The glam era also saw the rise of Bolan's friend David Bowie, whom Bolan had got to know in the underground days (Bolan had played guitar on a few early Bowie recordings) and later bands like Slade and The Sweet. Before long, even Mick Jagger, Rod Stewart and Grand Funk Railroad dabbed on a little glitter.
Bolan followed "Ride a White Swan" and T. Rex by expanding the group to a quartet with bassist Steve Currie and drummer Bill Legend, and cutting a five-minute single, "Hot Love", with a rollicking rhythm, string accents and an extended singalong chorus inspired somewhat by the Beatles's "Hey Jude". It was No.1 for six weeks and was quickly followed by "Get It On", a grittier, more adult tune that spent four weeks in the top spot. The song was renamed "Bang a Gong (Get It On)" when released in the United States, to avoid confusion with another song of the same name by the American band Chase. The song reached No.10 in the States, the only such American hit T. Rex would enjoy.
In November 1971, the band's record label, Fly, released the Electric Warrior track "Jeepster" without Bolan's permission. Outraged, Bolan took advantage of the timely lapsing of his Fly Records contact and left to EMI, who gave him his own record label, the T. Rex Wax Co. Its bag and label featured an iconic head-and-shoulders image of Marc. Despite Bolan's lack of endorsement, "Jeepster" still peaked at No.2.
In 1972, Bolan achieved two more British No.1s with "Telegram Sam" and "Metal Guru"---the latter of which stopped Elton John getting to the top with "Rocket Man"---and two more No.2s in "Children Of The Revolution" and "Solid Gold Easy Action". The total of four No.2 singles particularly galled his fans as three were held off the top spot by 'novelty' singles recorded by Clive Dunn, Benny Hill and little Jimmy Osmond. In the same year he appeared in Ringo Starr's film Born to Boogie, a documentary showing the height of T. Rextasy during a concert at Wembley Empire Pool on 18 March 1972. Mixed in were surreal scenes shot at John Lennon's mansion in Ascot and a super-session with T. Rex joined by Ringo Starr on second drum kit and Elton John on piano. At this time T. Rex record sales accounted for about 6% of total British domestic record sales. The band was reportedly selling 100,000 records a day; however, no T. Rex single ever became a million-seller in the UK, despite many gold discs and an average of four weeks at the top per No.1 hit. (Documentation of actual sales has been lost.)
By 1973, his star gradually began to wane, even though he achieved a Number 3 hit with arguably his most famous tune to the next generation, "20th Century Boy". "The Groover" followed it to No.4, to become arguably Bolan's last hit of significance.
Eventually, the vintage T. Rex line-up disintegrated. Legend left in 1973 and Finn in 1975 and Bolan's marriage came to an end. He began an affair with backing singer Gloria Jones and disappeared for much of the next three years, continuing to release singles and albums less popular to the masses. However, he managed to score one more UK Top 20 hit per year until 1977. Around this time, Bolan's health began to fail seriously as he put on weight and became addicted to cocaine.
Gloria Jones gave birth to Bolan's son in September 1975, whom they named Rolan Bolan (although his birth certificate lists him as 'Rolan Seymour Feld'; compare David Bowie's son Zowie Bowie). That same year, Bolan returned to the UK from tax exile in the U.S. and to the public eye with a low-key summer tour. Bolan made regular appearances on the LWT pop show Supersonic, directed by his old friend Mike Mansfield and released a succession of singles, but he never regained the success of his glory days of the early 1970s. The last remaining member of Bolan's halcyon era T. Rex, Currie, left the group in 1976.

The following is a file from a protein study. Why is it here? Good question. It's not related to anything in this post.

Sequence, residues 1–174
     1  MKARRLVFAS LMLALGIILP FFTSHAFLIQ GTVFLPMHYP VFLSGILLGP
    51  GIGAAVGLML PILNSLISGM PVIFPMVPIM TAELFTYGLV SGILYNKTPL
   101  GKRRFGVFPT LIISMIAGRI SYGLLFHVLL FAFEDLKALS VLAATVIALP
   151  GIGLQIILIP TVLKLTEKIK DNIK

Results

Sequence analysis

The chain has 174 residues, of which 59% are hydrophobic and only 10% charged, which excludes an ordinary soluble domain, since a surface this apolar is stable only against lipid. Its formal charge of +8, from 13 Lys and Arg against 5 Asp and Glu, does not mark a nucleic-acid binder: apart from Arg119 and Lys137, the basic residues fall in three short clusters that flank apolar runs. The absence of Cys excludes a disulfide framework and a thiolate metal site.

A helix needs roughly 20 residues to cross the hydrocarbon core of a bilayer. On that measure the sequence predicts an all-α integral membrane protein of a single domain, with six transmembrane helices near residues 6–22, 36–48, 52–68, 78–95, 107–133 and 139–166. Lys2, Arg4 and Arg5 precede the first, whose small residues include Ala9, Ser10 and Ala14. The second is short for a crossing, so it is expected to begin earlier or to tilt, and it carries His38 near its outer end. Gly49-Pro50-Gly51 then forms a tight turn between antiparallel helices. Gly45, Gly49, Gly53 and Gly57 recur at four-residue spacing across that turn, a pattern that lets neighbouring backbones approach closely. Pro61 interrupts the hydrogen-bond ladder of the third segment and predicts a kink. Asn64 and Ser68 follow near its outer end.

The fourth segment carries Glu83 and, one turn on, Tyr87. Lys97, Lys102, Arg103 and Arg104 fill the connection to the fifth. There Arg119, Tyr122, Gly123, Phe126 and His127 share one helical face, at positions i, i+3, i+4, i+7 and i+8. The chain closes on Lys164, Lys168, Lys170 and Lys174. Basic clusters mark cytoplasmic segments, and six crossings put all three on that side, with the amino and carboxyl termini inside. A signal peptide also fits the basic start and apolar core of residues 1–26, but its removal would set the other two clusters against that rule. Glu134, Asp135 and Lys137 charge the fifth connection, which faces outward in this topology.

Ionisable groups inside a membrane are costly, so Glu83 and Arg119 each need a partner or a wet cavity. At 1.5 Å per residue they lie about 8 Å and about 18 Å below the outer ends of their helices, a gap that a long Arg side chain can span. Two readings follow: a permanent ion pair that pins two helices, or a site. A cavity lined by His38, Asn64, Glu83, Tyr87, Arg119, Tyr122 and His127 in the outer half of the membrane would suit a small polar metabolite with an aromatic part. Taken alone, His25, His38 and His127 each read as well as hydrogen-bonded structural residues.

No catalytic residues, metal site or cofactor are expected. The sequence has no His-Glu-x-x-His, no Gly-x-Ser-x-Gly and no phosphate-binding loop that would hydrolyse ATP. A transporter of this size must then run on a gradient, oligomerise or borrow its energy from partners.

In 1977, Granada Television commissioned Bolan to front a six-part series called Marc, where he introduced new and established bands and performed his own songs. Around this time Bolan lost weight, appearing nearly as trim as he had during T. Rex's earlier heyday. The show was broadcast during the post-school half-hour on ITV earmarked for children and teenagers; it was a big success. The last episode featured a unique Bolan duet with David Bowie.
Bolan got a new band together and set out on a fresh UK tour, taking along punk band The Damned as support to entice a young audience who did not remember his heyday.
Bolan died on September 16, 1977, two weeks before his 30th birthday. He was a passenger in a purple Mini driven by Gloria as they headed home from Mortons drinking club and restaurant in Berkley Square. The speeding car struck a tree after spinning out of control near Gypsy Lane on Queens Ride, Barnes, southwest London. Bolan's home, which was less than a mile away, was immediately looted.
At Bolan's funeral, attended by the likes of Bowie and Rod Stewart, a swan-shaped floral tribute was displayed outside the service in recognition of his breakthrough hit single. His ashes lie at Golders Green Crematorium.
Bolan never drove a car or learned to drive, as he feared he would die driving like James Dean. Despite this, cars or automotive components are at least mentioned in, if not the subject of, many of his songs. He also owned a number of vehicles, including a famed white Rolls Royce.
Some devotees view the sycamore tree that the car crashed into as a shrine to his memory. The site now forms the Bolan's Rock Shrine memorial. A bronze bust of Marc Bolan at the site commemorated the 25th anniversary of his death in 2002. The bust was unveiled by his son Rolan and the event was attended by fans, friends and colleagues, including Mickey Finn.